My career in education started in 1985 as a blue-eyed, keen teacher of physical education. From day one, and for the next 36 years in the profession, I have never stopped learning. I have probably made more mistakes than had successes and have been fortunate enough to work in various settings and sectors within the profession. These have included secondary education (six years), subject adviser (two years), primary education (many years in four different schools), senior officer – ALN for Denbighshire County Council (five years), higher education (two years). I have also remained an instructor at the North Wales outdoor education centre throughout this period to keep me busy at weekends (36 years)! Despite this long and varied career, I’m pleased to say that the job just keeps getting better and better. I continue to learn and grow whilst the number of opportunities afforded to me seems to be endless.
During my career, some of the roles have been extremely challenging. I have needed to pull on all my leadership development, not to mention others’ support and guidance. I have been fortunate to have some exceptional leader role models whose leadership I admired and copied. I was able to learn about leadership practices that did not concur with my own beliefs and values from some with whom I have worked. I started to see things in terms of “a system” rather than disparate parts from an early career stage. After five years in my second headship, I went to work for the local authority, responsible for all ALN provision across the county. This focused my thoughts and beliefs on an equal and fair system that was fully inclusive. In such a demanding role, you have to try and understand each sides viewpoint. However, you ultimately stick firmly to your principles around equity and inclusion, given the finite budget.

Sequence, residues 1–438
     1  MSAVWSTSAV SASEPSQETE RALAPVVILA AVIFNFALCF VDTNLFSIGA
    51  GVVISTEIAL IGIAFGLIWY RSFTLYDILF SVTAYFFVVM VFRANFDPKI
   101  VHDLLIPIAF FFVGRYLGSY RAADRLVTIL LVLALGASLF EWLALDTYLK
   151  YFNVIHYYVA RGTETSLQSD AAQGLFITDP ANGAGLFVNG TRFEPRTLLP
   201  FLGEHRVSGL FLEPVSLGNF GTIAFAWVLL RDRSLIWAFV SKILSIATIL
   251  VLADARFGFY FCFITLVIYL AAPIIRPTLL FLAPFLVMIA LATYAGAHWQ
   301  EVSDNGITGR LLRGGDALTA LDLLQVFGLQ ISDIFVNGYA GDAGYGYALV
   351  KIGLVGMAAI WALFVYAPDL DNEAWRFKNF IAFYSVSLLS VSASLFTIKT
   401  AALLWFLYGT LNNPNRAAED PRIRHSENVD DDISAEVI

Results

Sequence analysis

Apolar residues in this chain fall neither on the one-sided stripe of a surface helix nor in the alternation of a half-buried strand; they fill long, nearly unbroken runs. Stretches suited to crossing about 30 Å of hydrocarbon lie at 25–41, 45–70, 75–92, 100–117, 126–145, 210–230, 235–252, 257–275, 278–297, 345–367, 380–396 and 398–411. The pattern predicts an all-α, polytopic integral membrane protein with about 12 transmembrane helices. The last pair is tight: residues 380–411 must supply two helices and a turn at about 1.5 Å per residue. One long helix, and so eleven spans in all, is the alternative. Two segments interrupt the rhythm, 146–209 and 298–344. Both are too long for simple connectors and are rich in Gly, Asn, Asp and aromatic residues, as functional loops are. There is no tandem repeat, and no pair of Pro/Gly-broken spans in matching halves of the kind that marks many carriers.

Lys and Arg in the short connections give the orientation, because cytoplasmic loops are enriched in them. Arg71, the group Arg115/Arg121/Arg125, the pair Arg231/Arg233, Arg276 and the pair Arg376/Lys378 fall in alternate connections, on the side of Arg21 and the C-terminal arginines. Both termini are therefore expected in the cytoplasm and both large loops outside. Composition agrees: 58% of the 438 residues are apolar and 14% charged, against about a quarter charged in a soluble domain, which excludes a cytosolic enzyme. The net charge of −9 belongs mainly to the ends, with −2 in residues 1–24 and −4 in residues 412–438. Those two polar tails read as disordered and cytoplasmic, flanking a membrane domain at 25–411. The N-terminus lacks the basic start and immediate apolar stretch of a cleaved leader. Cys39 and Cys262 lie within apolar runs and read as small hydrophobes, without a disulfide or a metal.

In 2018 I successfully applied to be in the first cohort Academy Associates with the the National Academy for Educational Leadership. I already had some strong views on educational leadership across the whole of the United Kingdom. I believed education was being politically driven, often to the detriment of the child. In Wales, however, I saw a new horizon and wanted to help shape the land beyond. My school was selected as a pioneer school, and I was lucky enough to work with some of the key contributors to the Welsh educational vision. Being part of the Leadership Academy has given me countless opportunities to meet, discuss, and influence Welsh education’s future direction.
For me, system leadership is about people having a shared, clear vision of where we want to take our young people’s education. System leadership is built on true collaboration underpinned by effective communication and respect. It is more about a culture where each person’s views are heard rather than a set of rules that can be written down. This culture has contributing elements to create a sustainable and passion-driven education system where all participants are fully engaged. Suppose system leadership can make such an engaging culture. In that case, we can’t fail to engage our schools’ young minds and hearts as we introduce a new curriculum for Wales.